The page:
• ~PmG

Your Career Billboard – The Resume

We know that the resume is your gateway from one role to the next. But it’s more than that. Your resume is essentially your living billboard, marketing kit and elevator speech rolled into a well-crafted one-page balanced document. That’s if you can successfully condense your experience on one page, without losing sight of the story you wish to tell. The question is, in a sea…no, ocean of resumes, vying for the attention of a limited number of jobs, how will yours stand out? It is definitely no small task. The truth is, posting a resume online is a luck of the draw. Unfortunately, most resumes are not reviewed by people. Machine learning and algorithms usually do the dirty work of scanning, matching key words and tossing out what doesn’t seem to fit what they were coded to discover. So, while having a top-notch resume, with great skills is essential…it’s not effective on it’s own.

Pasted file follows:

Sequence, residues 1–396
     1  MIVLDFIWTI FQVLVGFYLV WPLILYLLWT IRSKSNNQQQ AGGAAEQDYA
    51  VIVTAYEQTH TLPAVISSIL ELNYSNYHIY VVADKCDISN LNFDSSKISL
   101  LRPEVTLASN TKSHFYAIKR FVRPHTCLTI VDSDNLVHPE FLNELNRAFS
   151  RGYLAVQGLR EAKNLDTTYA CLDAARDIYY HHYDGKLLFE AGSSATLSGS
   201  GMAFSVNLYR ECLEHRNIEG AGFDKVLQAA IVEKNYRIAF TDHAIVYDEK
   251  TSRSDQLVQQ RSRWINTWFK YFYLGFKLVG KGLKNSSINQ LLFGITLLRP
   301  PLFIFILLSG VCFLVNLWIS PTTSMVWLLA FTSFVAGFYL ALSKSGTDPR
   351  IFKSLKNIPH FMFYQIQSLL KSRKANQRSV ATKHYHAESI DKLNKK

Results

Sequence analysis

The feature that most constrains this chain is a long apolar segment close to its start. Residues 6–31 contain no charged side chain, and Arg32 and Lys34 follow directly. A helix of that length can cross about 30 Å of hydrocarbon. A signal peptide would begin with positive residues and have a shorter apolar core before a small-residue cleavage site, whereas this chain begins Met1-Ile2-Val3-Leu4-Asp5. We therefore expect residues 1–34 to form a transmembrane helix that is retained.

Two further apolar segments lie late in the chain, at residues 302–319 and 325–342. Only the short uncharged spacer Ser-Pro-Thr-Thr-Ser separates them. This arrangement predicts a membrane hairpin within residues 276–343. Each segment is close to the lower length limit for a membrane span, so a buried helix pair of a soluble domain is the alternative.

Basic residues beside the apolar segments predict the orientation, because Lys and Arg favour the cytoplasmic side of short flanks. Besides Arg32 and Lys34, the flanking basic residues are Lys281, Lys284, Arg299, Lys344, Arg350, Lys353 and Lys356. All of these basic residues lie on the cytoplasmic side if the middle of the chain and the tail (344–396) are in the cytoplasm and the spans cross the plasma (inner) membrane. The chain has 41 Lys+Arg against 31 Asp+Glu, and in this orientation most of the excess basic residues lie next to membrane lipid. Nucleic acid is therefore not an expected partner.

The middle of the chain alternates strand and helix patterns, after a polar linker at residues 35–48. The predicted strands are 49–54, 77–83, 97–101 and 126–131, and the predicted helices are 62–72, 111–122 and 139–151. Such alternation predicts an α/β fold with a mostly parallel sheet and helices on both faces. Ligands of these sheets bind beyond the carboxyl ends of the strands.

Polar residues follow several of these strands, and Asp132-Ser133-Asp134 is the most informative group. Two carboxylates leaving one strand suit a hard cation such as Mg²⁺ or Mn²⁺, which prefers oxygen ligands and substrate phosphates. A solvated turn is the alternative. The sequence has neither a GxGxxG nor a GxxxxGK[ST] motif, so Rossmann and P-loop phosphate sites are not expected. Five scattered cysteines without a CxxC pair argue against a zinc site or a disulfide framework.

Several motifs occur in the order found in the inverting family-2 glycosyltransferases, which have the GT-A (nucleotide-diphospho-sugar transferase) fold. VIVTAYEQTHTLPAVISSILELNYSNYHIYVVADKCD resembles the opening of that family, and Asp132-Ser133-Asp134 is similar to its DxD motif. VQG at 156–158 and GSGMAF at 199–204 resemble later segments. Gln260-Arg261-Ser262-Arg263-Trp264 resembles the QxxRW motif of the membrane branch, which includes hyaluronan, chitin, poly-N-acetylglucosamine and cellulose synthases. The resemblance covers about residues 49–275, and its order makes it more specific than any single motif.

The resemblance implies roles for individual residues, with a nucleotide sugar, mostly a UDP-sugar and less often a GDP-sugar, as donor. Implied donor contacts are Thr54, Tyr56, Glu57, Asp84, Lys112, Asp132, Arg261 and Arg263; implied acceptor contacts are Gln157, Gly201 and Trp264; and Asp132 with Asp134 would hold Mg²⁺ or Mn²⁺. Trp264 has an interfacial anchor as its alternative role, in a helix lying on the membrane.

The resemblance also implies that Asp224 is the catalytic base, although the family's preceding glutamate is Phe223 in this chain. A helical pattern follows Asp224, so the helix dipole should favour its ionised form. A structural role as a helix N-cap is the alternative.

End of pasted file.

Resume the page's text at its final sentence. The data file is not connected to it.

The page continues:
Let’s use this weeks post to cover my top 5 resume must haves and the supporting cast your resume needs to make it shine.